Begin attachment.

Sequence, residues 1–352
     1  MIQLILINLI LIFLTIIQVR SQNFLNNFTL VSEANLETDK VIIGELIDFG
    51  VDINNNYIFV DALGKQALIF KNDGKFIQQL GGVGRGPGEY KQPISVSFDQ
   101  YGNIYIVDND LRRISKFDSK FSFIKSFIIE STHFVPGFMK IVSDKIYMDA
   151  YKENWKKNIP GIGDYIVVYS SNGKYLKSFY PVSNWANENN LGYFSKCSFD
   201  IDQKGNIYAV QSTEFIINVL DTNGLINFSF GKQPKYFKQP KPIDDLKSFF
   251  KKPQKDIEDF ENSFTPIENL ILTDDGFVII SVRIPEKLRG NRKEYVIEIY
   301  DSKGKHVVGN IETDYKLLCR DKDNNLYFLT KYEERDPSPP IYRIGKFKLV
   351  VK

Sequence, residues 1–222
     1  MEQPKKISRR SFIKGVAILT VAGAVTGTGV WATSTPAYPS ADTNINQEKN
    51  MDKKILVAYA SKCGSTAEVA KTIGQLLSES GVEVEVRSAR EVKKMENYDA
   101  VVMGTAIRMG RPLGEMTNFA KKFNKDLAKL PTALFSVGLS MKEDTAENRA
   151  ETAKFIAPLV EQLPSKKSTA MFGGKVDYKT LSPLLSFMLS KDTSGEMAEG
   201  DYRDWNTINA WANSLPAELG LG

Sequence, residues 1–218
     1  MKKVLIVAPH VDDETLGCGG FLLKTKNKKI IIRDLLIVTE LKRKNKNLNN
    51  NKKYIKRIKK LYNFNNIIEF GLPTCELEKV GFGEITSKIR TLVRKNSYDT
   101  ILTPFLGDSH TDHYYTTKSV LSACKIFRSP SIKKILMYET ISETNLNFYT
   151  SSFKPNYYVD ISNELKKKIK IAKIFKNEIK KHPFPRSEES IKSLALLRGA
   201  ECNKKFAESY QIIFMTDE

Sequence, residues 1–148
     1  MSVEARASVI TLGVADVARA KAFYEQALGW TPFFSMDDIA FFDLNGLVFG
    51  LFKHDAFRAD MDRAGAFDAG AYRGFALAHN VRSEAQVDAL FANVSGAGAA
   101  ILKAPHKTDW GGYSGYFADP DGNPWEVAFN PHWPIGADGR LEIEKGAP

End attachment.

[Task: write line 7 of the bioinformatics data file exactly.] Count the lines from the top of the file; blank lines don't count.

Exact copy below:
   251  KKPQKDIEDF ENSFTPIENL ILTDDGFVII SVRIPEKLRG NRKEYVIEIY